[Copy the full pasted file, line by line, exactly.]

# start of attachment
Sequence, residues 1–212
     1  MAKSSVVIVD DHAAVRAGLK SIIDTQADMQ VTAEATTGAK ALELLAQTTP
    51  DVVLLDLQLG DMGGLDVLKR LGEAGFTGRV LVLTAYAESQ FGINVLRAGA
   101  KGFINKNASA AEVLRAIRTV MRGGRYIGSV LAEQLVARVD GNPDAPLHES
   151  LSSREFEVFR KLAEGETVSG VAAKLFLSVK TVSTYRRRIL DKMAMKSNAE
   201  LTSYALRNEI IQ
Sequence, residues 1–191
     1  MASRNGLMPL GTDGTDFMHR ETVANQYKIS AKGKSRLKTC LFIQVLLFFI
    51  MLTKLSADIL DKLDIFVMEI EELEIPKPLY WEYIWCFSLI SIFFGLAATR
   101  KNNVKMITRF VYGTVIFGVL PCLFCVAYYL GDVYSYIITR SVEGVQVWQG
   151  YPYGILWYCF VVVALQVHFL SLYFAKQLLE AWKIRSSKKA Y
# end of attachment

Sequence, residues 1–212
     1  MAKSSVVIVD DHAAVRAGLK SIIDTQADMQ VTAEATTGAK ALELLAQTTP
    51  DVVLLDLQLG DMGGLDVLKR LGEAGFTGRV LVLTAYAESQ FGINVLRAGA
   101  KGFINKNASA AEVLRAIRTV MRGGRYIGSV LAEQLVARVD GNPDAPLHES
   151  LSSREFEVFR KLAEGETVSG VAAKLFLSVK TVSTYRRRIL DKMAMKSNAE
   201  LTSYALRNEI IQ
Sequence, residues 1–191
     1  MASRNGLMPL GTDGTDFMHR ETVANQYKIS AKGKSRLKTC LFIQVLLFFI
    51  MLTKLSADIL DKLDIFVMEI EELEIPKPLY WEYIWCFSLI SIFFGLAATR
   101  KNNVKMITRF VYGTVIFGVL PCLFCVAYYL GDVYSYIITR SVEGVQVWQG
   151  YPYGILWYCF VVVALQVHFL SLYFAKQLLE AWKIRSSKKA Y